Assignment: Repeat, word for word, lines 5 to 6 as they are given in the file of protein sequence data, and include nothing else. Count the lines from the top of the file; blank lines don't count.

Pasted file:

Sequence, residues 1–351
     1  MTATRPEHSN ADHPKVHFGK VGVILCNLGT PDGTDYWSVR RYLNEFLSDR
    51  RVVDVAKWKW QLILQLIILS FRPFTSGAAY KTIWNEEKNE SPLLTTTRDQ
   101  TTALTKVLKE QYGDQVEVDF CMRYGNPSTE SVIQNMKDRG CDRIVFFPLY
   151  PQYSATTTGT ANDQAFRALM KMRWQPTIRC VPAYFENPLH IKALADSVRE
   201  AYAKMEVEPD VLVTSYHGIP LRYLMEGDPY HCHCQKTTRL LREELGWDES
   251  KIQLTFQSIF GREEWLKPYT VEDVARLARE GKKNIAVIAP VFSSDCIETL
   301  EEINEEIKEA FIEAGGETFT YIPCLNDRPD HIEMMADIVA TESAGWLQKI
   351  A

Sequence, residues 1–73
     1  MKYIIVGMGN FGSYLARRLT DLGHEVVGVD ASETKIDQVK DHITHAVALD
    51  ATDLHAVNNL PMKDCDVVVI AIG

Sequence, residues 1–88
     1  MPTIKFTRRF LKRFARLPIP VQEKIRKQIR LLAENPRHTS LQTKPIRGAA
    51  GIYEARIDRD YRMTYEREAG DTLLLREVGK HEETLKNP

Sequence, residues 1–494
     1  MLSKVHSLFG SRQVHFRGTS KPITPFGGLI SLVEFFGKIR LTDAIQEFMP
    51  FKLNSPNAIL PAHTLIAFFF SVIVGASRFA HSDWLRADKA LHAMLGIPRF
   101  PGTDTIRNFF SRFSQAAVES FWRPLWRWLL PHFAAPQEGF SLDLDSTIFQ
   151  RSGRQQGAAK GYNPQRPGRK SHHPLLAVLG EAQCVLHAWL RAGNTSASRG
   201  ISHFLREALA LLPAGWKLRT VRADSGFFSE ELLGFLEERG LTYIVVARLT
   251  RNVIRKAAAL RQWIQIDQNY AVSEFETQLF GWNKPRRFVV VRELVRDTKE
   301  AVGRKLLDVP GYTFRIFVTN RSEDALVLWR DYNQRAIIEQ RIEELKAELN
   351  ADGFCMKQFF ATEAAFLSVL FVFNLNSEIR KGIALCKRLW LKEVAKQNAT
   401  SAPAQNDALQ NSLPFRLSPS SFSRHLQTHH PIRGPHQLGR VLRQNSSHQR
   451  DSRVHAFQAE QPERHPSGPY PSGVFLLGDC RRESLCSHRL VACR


   151  PQYSATTTGT ANDQAFRALM KMRWQPTIRC VPAYFENPLH IKALADSVRE
   201  AYAKMEVEPD VLVTSYHGIP LRYLMEGDPY HCHCQKTTRL LREELGWDES